Newly unboxed examples of Logitech's K480 keyboard have a printed guide indicating which pairing button is which. If you remove this sticker, you're left with buttons that say "PC" and "I".

Rough Road Ahead

I'd like to be able to tell you that the K480 keyboard paired well with every Bluetooth device I had available for testing. Besides the Ideapad tablet, I also tested a 2009 era Macbook laptop running Mac OS X 10.6 and a Dell Latitude D800 running Windows 2000. Pairing with the tablet was uneventful at first. Pairing with the Macbook proved to be impossible, even after restarting both it and the keyboard. The Apple Bluetooth configuration wizard could detect a keyboard in range. After that, the wizard got stuck and never made it to the point where a PIN would be entered on the keyboard. Logitech claims that the K480 is supported clear back to Mac OS X 10.2.

In light of this behavior with Mac OS X 10.6, I did not expect pairing with the Latitude D800 and Windows 2000 to go very well. That system's Bluetooth stack is quite elderly (from around 2004) even with the latest updates from Dell installed. Thus I'm rather pleasantly surprised to say that Windows 2000 and the 2004-era Widcomm Bluetooth software paired right up to the K480. Logitech's special software may or may not work on Windows 2000, but the keyboard itself seemed to do just fine.

Logitech K480 Bluetooth Keyboard with Dell Latitude D800 Laptop

Keyboard Feel

I have rather lofty expectations when it comes to keyboard quality. My daily use keyboard of choice is an IBM Model M. Computer manufacturers haven't cared about keyboard quality for years now, and neither do most computer buyers. So don't worry if you don't understand why someone would want to make a significant investment in a higher quality keyboard, or use a keyboard that's 15-25 years older than their personal computer. Some folks immediately gravitate to high quality keyboards, others find it to be an acquired taste and some folks never end up caring about the quality of their typing experience.

Making a blanket statement about how a given keyboard feels to the touch is a difficult thing to do. The closest analogy I can think of right away is that of clothing sizes. People come in all shapes and sizes, and everyone has their own perception of what they like to wear and what size it needs to be in order to fit "right".

I'm somewhere in the middle of the road when it comes to keyboards. Given the choice, I certainly do use and appreciate higher quality keyboards of all types, from bucking spring, to tactile switch to high quality rubber dome models. Even so, if I'm confined to a computer with a cheap rubber dome keyboard, I can get by. My typing speed won't be as good, and I'll make more mistakes, but I will manage nevertheless. As it is, and like I pointed out in the beginning of this review, my typing speed was last clocked at between 40-65 WPM during my junior high and high school days. I could occasionally hit higher speeds and perhaps my average has increased since that time.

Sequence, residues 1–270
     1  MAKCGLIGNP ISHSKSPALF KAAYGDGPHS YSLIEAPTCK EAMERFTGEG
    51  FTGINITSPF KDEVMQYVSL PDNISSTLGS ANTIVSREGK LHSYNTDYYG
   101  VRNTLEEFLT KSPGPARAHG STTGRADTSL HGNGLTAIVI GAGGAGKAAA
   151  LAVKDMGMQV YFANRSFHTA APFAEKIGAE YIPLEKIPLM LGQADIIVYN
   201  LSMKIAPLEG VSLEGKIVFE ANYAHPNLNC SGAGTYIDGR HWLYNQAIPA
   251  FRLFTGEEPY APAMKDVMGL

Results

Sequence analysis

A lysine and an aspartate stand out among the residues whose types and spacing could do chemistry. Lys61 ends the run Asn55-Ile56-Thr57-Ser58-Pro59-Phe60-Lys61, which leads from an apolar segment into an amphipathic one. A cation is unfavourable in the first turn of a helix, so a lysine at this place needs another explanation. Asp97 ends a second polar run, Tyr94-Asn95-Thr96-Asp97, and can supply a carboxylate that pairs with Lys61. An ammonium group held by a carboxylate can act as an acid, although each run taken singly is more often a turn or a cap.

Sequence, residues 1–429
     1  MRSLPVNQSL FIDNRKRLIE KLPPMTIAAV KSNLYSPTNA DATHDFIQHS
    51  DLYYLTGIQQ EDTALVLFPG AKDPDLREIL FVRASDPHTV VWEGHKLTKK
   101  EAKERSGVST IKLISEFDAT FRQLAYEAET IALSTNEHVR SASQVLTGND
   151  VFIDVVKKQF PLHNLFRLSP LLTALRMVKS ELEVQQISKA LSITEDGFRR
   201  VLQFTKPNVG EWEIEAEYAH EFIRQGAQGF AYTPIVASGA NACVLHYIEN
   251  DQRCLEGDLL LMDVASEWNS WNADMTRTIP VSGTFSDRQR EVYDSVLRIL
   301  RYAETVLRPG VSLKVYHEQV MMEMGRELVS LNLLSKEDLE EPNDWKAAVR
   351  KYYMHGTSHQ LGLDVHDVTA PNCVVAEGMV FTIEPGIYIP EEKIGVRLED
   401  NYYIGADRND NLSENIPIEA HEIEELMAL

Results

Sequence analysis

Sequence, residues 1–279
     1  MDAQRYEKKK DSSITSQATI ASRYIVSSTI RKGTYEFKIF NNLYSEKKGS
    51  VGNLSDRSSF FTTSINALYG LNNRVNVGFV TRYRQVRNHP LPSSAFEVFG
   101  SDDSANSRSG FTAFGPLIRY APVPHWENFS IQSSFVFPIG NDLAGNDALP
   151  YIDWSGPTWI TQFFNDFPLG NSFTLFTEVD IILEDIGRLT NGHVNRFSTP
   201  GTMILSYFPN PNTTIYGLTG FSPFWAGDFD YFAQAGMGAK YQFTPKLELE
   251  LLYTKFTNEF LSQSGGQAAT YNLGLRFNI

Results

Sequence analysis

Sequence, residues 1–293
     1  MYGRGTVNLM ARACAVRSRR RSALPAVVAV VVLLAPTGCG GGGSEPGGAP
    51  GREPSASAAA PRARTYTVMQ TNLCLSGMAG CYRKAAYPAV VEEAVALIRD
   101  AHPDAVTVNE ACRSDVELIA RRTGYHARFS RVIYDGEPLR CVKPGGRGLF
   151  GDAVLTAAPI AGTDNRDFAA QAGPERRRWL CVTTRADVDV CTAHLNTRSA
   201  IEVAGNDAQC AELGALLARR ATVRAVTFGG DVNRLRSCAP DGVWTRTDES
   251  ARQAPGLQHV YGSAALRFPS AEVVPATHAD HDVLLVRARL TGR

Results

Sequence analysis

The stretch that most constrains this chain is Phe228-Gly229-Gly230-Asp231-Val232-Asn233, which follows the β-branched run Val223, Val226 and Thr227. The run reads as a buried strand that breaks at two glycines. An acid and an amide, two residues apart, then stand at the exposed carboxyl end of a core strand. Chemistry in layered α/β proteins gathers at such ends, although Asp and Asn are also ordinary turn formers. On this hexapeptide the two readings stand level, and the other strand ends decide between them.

I'm pleased to say the Logitech K480 earns surprisingly high marks in the area of key feel and feedback from me. The K480 is big enough to actually touch-type on, and none of the keys are so weirdly situated as to break your stride when typing steadily. There actually is a decent amount of tactile feedback as you type! I did a little test with the K480 paired to the Latitude D800 and captured the result on a no-definition video (shot with a Sony Cybershot DSC-P71, same as with the still pictures in this review). You can watch my typing in the following embedded video.

More Clouds On The Horizon

I'd like to tell you that apart from the inability to pair this keyboard with my Macbook laptop and Mac OS X 10.6, that the Logitech K480 is a great product. It's got potential, but I'm afraid that the firmware behind it needs a little more time in the oven.

In particular, I've noticed that while using the arrow keys to scroll while browing the web from the Ideapad Miix 10 tablet, that either the K480 or the tablet's Bluetooth hardware is (to use a technical term) flipping out and losing the plot. Whatever's going wrong is severe enough that Windows tags the Bluetooth radio as having been stopped as a result of "causing problems". (The exact error message given is "Windows has stopped this device because it has reported problems. (Code 43)". Looking this error message up would seem to suggest that it's not an isolated incident, and it's unclear who should take the blame in this case. Even though I suspect Lenovo's packaged drivers and maybe even their Bluetooth hardware are not of the best quality, I tend to think the K480 is to blame since it refuses to pair with my Macbook.

There does not appear to be any mention of updateable firmware for the K480 at Logitech's site. I've not bothered to contact their support staff to see what they think. Nor have I managed (yet) to trip the issue through normal typing patterns. It's only come up after using the arrow keys repeatedly to scroll through something.

Sorry to say, I think I'm going to return this keyboard to the store I purchased it from.


"Clumsy" seems like a fitting description of the K480 and its firmware. If you keep it at your desk and your devices happen to work with it, you'll probably really like it. Typing feel is excellent, and the ability to pair with more than one device is a great idea on Logitech's part. I don't think it's really cut out for use on the go, and only one of the three devices I paired it with actually seemed to work properly and reliably.

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Copyright 2015 by William R. Walsh. Some rights reserved.